The Archaebacteria versus the Eubacteria

Although most common bacteria are eubacteria, there is another group, the archae-bacteria or archaea as they have recently been renamed. Both types of bacteria have microscopic cells without a nucleus. They both have single circular chromosomes and divide in two by simple binary fission. In short, they both conform to the definition of a prokaryotic cell and there was no obvious reason to suspect from their superficial structure that they were so radically different. However, sequence analysis of riboso-mal RNA indicates that there is about as much genetic difference between the eubac-teria and archaea as between either of these two groups and eukaryotic cells.

Of the two groups of prokaryotes, the archaea are probably slightly more closely related to the urkaryote, the primeval ancestor of the eukaryotic nucleus. Some archaebacteria One of the three domains of life comprising the "ancient" bacteria archaea New name for archaebacteria, one of the three domains of life eubacteria One of the three domains of life comprising the "true" bacteria, including the organelles urkaryote The hypothetical primeval ancestor of the eukaryotic nucleus

FIGURE 20.18 The Three Domains of Life

All of today's organisms belong to one of three main divisions based on relationships among ribosomal RNA: the eubacteria, the archaebacteria (or archaea) and the eukaryotes. Mitochondria and chloroplasts have rRNA that most closely resembles eubacteria.

Eukaryotic

Chloroplasts Nucleus Archaea

Eukaryotic

Chloroplasts Nucleus Archaea

FIGURE 20.18 The Three Domains of Life

All of today's organisms belong to one of three main divisions based on relationships among ribosomal RNA: the eubacteria, the archaebacteria (or archaea) and the eukaryotes. Mitochondria and chloroplasts have rRNA that most closely resembles eubacteria.

archaea have their DNA packaged by histone like proteins that show some sequence homology to the true histones of higher organisms. In addition, the details of protein synthesis and the translation factors of archaea resemble those of eukaryotes, rather than eubacteria. These similarities have led to the suggestion that the primeval eukary-ote evolved from an archaeal ancestor.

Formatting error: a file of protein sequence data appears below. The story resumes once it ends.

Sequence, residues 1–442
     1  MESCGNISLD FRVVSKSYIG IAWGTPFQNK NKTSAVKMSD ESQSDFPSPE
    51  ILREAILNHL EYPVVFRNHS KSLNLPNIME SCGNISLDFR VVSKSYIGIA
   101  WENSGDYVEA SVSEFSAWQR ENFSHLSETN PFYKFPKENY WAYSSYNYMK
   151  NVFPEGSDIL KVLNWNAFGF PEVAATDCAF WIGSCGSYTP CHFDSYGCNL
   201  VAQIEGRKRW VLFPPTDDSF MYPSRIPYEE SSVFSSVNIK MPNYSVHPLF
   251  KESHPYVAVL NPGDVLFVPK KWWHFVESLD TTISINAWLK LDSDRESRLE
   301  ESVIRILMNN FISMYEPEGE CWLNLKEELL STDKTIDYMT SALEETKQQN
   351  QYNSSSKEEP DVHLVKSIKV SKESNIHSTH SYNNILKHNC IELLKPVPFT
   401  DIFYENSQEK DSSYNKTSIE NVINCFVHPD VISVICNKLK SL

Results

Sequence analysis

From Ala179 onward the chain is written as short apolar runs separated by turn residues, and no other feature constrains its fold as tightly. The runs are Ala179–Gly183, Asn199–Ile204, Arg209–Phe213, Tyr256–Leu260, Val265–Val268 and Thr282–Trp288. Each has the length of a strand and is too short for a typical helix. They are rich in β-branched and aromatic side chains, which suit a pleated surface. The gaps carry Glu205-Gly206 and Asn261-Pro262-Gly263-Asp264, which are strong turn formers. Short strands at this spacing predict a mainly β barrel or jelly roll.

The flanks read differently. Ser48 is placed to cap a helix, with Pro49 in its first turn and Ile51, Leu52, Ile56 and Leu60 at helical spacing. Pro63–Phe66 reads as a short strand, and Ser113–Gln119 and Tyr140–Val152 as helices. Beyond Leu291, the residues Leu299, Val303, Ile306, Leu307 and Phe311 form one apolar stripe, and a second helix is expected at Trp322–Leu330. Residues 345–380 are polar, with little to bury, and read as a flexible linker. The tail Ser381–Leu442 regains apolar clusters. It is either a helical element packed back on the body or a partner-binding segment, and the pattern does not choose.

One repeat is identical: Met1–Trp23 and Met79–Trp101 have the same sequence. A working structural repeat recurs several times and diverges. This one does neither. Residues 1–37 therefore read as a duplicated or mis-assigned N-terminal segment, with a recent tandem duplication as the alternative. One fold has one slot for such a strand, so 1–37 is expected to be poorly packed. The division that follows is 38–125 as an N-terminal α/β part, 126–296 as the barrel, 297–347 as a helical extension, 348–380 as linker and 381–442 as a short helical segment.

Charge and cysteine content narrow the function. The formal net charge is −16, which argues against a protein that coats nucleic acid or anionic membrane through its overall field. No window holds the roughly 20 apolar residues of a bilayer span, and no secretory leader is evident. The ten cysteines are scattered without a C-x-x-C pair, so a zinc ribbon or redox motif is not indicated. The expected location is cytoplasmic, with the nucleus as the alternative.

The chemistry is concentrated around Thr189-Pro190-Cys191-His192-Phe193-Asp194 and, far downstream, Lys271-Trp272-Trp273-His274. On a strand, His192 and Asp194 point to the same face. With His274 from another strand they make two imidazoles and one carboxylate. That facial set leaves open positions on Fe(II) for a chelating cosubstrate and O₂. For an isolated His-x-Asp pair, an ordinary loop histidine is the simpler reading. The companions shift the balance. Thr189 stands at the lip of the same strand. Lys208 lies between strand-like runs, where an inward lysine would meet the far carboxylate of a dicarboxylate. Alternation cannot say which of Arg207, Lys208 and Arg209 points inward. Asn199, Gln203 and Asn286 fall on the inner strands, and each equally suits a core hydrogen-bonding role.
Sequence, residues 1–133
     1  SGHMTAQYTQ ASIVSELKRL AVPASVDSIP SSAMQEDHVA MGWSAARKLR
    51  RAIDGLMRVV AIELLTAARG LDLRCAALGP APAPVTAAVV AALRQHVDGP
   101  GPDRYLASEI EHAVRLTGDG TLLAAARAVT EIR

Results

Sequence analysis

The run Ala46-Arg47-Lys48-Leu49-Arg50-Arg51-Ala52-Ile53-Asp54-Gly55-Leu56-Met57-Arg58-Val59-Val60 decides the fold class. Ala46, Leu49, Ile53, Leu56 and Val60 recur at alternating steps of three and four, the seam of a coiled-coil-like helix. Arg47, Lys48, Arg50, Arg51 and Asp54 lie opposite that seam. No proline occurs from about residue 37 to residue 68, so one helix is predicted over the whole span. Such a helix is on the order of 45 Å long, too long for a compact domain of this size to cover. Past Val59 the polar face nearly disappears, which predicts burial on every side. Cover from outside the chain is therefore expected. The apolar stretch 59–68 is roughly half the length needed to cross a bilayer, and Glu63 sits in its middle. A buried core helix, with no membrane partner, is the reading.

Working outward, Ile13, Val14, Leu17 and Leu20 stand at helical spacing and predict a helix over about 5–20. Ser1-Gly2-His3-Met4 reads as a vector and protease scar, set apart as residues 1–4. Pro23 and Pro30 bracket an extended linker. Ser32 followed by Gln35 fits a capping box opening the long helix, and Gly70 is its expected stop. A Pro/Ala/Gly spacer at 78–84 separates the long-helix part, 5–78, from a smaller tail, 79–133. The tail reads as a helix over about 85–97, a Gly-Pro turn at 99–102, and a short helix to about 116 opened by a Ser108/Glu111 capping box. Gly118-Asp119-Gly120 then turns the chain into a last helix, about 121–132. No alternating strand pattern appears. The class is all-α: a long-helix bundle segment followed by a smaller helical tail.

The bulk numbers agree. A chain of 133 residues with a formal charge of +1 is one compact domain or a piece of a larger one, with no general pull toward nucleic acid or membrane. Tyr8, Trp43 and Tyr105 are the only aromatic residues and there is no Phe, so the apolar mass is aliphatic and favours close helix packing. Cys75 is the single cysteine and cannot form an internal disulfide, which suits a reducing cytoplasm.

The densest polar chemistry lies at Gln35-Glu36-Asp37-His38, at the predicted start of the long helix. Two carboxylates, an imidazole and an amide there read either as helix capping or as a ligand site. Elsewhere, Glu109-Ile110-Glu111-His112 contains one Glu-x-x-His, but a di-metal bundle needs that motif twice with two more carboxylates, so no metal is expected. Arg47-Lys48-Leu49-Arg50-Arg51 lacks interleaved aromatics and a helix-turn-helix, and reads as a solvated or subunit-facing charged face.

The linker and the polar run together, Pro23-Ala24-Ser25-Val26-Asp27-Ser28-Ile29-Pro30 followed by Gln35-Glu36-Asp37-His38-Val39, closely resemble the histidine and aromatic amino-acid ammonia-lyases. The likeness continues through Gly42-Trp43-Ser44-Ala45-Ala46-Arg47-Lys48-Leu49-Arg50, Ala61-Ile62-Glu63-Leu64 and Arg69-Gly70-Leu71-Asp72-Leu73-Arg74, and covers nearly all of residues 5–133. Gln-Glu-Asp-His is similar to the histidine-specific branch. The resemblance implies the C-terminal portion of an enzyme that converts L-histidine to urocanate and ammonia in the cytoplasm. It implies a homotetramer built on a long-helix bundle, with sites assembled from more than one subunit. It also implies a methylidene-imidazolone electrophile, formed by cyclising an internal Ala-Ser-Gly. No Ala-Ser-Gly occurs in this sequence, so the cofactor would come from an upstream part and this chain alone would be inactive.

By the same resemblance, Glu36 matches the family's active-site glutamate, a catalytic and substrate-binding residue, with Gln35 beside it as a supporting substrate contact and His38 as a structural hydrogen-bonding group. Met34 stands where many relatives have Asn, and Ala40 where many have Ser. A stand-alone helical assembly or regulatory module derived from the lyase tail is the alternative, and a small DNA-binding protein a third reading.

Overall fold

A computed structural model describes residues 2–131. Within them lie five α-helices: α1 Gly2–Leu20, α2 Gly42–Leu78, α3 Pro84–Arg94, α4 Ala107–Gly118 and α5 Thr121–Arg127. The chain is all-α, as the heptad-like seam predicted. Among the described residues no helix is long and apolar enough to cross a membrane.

Archaea differ biochemically from eubacteria in several other major respects. Archaea have no peptidoglycan and their cytoplasmic membrane contains unusual lipids, which are made up from C5 isoprenoid units rather than C2 units as with normal fatty acids (Fig. 20.21). Moreover, the isoprenoid chains are attached to glycerol by ether linkages instead of esters. Some double-length isoprenoid hydrocarbon chains stretch across the whole membrane.

Archaea tend to be found in bizarre environments and many of them are adapted to extreme conditions. They are found in hot sulfur springs, thermal vents in the ocean floor, in the super salty Dead Sea and Great Salt Lake and also in the intestines of cows (and other animals) where they make methane. Some examples of archaea are:

Halobacteria: These are extremely salt-tolerant and grow in up to 5M NaCl but will not grow below 2.5M NaCl (sea water is only 0.6M). They trap energy from sunlight by using bacterio-rhodopsin, a molecule related to the rhodopsin pigment used as a photo-detector in animal eyes.

Methanogens (methane producing bacteria): These are obligate anaerobes and are very sensitive to oxygen. They convert H2 plus CO2 to CH4 (methane). Their metabolism is unique—they contain coenzymes found in no other living organisms but have no typical flavins or quinones.

Sulfolobus: Lives in geothermal springs and grows best at a pH optimum of 2-3 and a temperature of 70-80°C. These archaea oxidize sulfur to sulfuric acid. Many other sulfur-metabolizing archaea are also found living under a variety of extreme conditions.

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